When it comes to fear at work: of course I’m still scared! I’m mad scared. I joke about my being fired almost daily. But fear is boring. I need to be productive, to be proud of myself, to feel myself growing and improving. Maybe my 20s are my selfish decade. That would be dope, because then I have five more years of being selfish, and I’m only going to get richer and buy myself nicer things. In order to do that, though, there’s not much room for fear. I was talking to a friend about this when I had just started at The Times, and she told me, ‘Fear is unproductive. If you’re feeling bad about yourself, it’s hard to actually do anything. Think about fear as a waste of time.’ I’ve remembered that ever since. Of course I can sometimes be lazy and knock out a good six episodes of Real Housewives of New York in an afternoon, but in general:

I like to work hard. I don’t like to fail. I won’t settle for mediocrity. I get shit done.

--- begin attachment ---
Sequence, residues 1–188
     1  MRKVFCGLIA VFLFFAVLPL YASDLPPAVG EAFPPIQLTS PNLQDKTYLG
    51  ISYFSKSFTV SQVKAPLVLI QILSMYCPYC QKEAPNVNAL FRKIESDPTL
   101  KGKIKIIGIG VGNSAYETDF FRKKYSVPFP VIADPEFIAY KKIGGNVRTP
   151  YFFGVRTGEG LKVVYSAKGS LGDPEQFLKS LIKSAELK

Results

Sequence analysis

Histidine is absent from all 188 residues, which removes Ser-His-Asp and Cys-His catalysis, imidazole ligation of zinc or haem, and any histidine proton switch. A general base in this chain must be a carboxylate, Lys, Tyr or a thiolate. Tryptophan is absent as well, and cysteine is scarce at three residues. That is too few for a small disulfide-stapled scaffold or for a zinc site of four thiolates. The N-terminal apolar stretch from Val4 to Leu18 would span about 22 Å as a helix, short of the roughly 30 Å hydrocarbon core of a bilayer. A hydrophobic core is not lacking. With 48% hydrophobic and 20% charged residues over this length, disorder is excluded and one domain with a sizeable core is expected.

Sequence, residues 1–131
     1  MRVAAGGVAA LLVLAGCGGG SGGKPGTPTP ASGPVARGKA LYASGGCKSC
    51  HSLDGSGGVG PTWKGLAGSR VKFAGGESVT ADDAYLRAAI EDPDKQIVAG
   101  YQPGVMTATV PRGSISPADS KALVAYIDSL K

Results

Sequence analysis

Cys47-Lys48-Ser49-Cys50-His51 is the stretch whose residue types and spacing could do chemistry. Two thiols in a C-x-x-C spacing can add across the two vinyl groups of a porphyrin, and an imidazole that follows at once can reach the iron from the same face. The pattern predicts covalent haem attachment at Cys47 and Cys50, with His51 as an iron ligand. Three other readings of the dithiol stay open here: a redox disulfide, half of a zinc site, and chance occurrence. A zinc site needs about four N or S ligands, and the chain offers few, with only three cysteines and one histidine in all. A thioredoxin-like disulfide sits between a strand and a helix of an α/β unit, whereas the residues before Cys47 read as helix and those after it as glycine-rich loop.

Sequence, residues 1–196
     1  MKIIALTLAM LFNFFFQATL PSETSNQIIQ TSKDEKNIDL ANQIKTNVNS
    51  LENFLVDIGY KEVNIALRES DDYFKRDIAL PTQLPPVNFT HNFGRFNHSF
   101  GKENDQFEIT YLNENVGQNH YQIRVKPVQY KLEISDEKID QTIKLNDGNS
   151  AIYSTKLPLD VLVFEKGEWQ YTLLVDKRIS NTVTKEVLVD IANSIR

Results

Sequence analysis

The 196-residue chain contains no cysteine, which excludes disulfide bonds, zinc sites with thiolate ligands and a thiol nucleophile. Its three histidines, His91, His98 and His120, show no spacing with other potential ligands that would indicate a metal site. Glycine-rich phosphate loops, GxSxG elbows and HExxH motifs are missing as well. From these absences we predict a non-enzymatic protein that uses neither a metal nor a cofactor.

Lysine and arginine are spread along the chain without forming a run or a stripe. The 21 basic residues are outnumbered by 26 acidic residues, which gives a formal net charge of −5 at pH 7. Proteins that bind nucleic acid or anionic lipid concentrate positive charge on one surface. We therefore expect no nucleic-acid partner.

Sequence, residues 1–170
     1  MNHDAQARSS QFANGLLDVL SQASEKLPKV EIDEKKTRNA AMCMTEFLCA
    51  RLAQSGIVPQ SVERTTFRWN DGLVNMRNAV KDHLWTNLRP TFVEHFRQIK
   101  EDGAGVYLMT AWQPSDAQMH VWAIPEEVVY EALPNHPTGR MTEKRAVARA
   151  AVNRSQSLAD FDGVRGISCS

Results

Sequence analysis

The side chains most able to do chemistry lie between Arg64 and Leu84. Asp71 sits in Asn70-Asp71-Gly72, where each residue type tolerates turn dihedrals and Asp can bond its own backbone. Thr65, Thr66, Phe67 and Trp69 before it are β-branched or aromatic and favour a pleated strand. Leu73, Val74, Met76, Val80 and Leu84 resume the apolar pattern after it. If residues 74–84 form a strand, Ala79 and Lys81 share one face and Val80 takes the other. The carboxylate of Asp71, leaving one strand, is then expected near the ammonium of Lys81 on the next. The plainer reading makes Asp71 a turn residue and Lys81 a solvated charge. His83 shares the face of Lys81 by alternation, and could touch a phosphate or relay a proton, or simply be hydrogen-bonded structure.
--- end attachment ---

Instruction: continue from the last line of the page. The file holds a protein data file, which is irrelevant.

I don’t know what I want to be when I grow up, but I do know that I have this force, this drive. What else am I going to do? I’m not interested in anything else. I’m consumed by writing. I love journalism. I love elevating the voices of women and people of color. I love being funny. I think the drive is really your journey to figure out where the destination is. The best advice I’ve ever been given is to always take the meeting. Even if you’re happy as a clam doing what you’re doing, just go and see. And always hold on to what makes you strange. I was home-schooled until fifth grade, and I was a fucking weird kid. I remember thinking that I had to fold my weirdness up into a little corner because I wanted to make friends, and I was so unacclimated to the public school life. Then years later when I started working and writing, I wanted to tap back into that weirdness. I felt like I had locked it behind a door and couldn’t find the key; I had to figure out a way to access it again. Now I’m just sounding like a chocolate bar wrapper, but: be weird. Let that weirdness be unfettered and don’t feel like you have to control or temper it. Say ‘yes’ as often as you can, unless you think you’re going to be murdered or not paid well.”


b. 1992
Editor, The New York Times Magazine

i. @jazzloon
t. @jazedloon

Interviewed by Amy Woodside, June 2016
Photography by Amy Woodside